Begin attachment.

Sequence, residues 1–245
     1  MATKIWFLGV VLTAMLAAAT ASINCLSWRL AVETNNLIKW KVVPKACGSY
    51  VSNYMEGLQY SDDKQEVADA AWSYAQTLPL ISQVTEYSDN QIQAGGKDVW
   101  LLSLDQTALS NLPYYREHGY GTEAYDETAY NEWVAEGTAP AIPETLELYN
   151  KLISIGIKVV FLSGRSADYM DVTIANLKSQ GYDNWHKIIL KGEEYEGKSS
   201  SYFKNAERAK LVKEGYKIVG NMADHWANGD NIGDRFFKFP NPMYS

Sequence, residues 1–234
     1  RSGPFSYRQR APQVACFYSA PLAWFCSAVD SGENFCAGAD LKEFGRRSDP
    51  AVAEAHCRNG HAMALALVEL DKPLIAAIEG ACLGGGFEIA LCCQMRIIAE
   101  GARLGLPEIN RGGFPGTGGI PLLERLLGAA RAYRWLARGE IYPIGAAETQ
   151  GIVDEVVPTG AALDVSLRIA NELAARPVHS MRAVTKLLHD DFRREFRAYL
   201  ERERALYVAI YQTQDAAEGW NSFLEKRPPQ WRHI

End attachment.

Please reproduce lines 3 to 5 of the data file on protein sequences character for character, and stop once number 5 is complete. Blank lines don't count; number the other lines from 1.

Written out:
    51  VSNYMEGLQY SDDKQEVADA AWSYAQTLPL ISQVTEYSDN QIQAGGKDVW
   101  LLSLDQTALS NLPYYREHGY GTEAYDETAY NEWVAEGTAP AIPETLELYN
   151  KLISIGIKVV FLSGRSADYM DVTIANLKSQ GYDNWHKIIL KGEEYEGKSS